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Laurel Boars
Laurel Boars

4 : Waterways Make Life Feel Complete


Twenty men, none of them elected officials of the tribe, signed the treaty, ceding all Cherokee territory east of the Mississippi to the U.S. in exchange for $5 million and new homelands in Indian Territory. Major Ridge is reported to have said that he was signing his own death warrant.The Treaty of New Echota was widely protested by Cherokees and by whites. The tribal members who opposed relocation considered Major Ridge and the others who signed the treaty traitors. After an intense debate, the U.S. Senate approved the Treaty of New Echota on May 17, 1836, by a margin of one vote. It was signed into law on May 23. As John Ross worked to negotiate a better treaty, the Cherokees tried to sustain some sort of normal life--even as white settlers carved up their lands and drove them from their homes. Removal had become inevitable. It was simply a matter now of how it would be accomplished.Questions for Reading 21. Based on the quotations from Chief Womankiller and Major Ridge, how did the Cherokee feel about their land? Why did the majority of the Cherokees oppose the treaty?2. In Andrew Jackson's letter of 1835 to the Cherokee council, he says that the tribal fathers were well-known to him "in peace and in war." What war is he referring to? What was his relationship to the Cherokees during that war? What is the tone of his letter? If needed, refer to Reading 1.3. What points does Major Ridge make in his speech to the tribal council? Why was Ridge in favor of the treaty? Do you think he makes a persuasive case for approval?4. Why was the Treaty of New Echota so widely criticized? The U.S. Constitution required that the treaty be ratified by the U.S. Senate. Under the Cherokee Constitution, treaties had to be approved by the Cherokee National Council. Did this occur with the treaty of 1835? Do you think the U.S. government had the right to enforce this treaty?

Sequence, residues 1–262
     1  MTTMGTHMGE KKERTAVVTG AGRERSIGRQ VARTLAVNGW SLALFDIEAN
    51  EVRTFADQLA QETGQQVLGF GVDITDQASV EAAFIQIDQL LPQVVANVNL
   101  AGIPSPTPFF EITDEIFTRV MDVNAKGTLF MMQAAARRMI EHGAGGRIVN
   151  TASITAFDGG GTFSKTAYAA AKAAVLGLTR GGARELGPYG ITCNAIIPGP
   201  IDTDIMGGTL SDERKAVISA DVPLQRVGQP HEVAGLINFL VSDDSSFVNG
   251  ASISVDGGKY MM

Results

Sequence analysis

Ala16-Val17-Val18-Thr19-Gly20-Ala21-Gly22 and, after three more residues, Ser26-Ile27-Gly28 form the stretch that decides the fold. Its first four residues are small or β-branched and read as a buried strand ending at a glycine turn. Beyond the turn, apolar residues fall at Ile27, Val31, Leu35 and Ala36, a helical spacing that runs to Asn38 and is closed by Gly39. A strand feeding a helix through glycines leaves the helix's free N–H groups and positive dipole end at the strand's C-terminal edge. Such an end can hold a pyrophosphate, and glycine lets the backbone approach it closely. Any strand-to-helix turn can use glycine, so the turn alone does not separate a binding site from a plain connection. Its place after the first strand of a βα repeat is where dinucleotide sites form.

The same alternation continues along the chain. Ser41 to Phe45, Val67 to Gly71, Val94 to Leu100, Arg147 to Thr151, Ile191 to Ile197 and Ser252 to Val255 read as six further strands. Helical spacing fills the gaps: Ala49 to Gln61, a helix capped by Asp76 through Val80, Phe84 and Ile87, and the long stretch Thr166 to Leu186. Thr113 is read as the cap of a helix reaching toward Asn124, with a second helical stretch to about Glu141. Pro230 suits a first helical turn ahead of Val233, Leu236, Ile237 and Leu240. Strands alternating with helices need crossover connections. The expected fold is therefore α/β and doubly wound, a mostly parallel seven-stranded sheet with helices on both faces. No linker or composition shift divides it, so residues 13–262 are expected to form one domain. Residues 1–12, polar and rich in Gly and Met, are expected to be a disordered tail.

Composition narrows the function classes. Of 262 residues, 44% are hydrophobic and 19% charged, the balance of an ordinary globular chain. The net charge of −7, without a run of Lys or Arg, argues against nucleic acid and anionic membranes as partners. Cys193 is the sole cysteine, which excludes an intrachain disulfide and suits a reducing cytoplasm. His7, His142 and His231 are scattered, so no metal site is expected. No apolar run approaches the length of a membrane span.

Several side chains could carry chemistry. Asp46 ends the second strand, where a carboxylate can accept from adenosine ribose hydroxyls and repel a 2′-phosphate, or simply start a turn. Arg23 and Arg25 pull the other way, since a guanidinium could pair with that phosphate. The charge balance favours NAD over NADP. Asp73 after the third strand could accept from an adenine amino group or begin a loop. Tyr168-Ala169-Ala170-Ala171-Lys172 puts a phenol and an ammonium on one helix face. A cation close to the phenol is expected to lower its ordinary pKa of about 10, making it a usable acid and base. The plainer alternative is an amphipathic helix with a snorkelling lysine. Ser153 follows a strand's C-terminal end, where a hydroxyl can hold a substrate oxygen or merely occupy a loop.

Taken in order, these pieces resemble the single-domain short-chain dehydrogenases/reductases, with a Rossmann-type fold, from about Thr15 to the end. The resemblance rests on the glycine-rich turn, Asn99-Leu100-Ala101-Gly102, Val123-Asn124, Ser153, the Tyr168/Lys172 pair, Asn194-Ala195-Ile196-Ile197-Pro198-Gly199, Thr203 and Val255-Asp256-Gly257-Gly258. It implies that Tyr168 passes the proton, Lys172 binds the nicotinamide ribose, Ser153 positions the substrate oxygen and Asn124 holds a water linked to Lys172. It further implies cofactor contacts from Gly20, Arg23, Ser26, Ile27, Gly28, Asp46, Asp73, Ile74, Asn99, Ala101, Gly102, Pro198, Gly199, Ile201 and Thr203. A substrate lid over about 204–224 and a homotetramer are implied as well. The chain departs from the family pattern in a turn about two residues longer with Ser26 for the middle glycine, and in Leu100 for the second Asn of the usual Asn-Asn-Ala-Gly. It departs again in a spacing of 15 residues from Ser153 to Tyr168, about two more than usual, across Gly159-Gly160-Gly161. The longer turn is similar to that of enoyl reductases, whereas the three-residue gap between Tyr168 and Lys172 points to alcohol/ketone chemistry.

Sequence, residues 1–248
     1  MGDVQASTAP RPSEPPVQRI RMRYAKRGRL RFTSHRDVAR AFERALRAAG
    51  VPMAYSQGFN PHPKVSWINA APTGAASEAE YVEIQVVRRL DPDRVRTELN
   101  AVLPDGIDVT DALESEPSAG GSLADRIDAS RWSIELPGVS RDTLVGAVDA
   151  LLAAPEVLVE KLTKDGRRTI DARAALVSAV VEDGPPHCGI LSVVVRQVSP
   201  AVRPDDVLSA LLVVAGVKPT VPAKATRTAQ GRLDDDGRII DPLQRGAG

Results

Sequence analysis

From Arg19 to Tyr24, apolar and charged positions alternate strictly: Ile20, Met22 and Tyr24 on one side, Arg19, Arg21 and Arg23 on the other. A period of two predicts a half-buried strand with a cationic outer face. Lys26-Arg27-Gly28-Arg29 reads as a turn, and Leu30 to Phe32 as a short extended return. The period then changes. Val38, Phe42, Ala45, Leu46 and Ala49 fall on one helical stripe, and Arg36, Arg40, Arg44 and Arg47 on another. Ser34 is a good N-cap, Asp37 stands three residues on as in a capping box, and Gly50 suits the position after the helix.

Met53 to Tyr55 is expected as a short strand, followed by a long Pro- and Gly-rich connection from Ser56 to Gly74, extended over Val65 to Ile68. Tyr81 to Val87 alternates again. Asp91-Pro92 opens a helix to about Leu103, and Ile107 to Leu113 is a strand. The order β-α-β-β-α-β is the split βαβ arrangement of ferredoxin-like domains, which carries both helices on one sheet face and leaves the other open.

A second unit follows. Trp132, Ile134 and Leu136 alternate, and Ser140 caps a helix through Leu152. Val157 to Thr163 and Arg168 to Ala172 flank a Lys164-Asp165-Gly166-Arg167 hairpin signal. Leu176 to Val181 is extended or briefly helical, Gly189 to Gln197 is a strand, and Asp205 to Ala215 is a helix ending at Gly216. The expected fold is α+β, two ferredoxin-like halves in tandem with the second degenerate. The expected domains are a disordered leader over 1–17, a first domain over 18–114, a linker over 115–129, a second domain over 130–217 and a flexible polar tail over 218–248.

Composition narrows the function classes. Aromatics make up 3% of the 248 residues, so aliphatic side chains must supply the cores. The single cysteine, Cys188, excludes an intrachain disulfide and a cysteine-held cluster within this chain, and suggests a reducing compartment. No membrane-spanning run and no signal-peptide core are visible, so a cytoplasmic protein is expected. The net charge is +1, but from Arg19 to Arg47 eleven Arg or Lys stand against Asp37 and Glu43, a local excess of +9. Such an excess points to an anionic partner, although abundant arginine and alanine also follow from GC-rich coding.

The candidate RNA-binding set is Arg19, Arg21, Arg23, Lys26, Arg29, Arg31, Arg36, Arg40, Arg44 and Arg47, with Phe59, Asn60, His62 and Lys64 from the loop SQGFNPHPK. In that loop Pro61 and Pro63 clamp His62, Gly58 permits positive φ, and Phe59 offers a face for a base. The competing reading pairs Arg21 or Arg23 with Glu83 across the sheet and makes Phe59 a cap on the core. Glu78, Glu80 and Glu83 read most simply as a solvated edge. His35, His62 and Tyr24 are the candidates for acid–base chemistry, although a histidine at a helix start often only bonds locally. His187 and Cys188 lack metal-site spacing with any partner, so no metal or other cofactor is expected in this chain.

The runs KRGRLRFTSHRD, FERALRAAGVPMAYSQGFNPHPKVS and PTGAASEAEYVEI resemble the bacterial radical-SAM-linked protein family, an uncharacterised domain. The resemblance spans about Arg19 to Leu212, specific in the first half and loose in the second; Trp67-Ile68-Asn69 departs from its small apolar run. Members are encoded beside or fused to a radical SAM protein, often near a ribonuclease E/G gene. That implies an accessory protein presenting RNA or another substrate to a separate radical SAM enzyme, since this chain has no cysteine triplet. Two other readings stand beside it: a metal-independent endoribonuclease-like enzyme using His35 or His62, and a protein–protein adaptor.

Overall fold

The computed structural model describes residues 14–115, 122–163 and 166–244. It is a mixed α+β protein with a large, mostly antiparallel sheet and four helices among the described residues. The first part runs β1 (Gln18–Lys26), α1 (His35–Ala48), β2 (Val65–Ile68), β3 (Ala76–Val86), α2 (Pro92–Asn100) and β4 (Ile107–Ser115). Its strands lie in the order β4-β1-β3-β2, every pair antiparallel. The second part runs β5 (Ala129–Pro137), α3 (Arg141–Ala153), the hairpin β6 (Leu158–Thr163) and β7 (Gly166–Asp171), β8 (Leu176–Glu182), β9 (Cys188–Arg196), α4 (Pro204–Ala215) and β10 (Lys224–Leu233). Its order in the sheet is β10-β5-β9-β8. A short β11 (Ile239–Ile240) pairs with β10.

4 : Waterways Make Life Feel Complete



On March 24, 1839, the last detachments arrived in the west. Some of them had left their homeland on September 20, 1838. No one knows exactly how many died during the journey. Missionary doctor Elizur Butler, who accompanied one of the detachments, estimated that nearly one fifth of the Cherokee population died. The trip was especially hard on infants, children, and the elderly. An unknown number of slaves also died on the Trail of Tears. The U.S. government never paid the $5 million promised to the Cherokees in the Treaty of New Echota.Questions for Reading 31. What is the tone of General Scott's message to the Cherokees? Would you have tried to resist the removals after hearing Scott's message?2. What happened to the Cherokee between May and October of 1838? What was life like for the Cherokee during that period?3. With little time to plan and prepare, 17,000 Cherokee with their possessions, horses, and wagons moved from their homelands to Oklahoma. This type of mass migration was unprecented in the early 19th century. What sort of arrangements would be needed to prepare for and carry out such a mass movement of people? If you were given a short amount of time to leave your home and move to an unknown place, how would you feel? What would you take with you?4. What do you think would have been the worst part of the entire removal process?5. Do you think Robert Thomas's story about his grandmother is based on a real event? What do the students think the white road represented? In oral traditions, the speaker often "telescopes" historical time, collapsing one or more generations. Do you think the woman in Thomas's account was really his grandmother? Is that important? Do you think the story was intended as factual history? If not, what was it intended to record?


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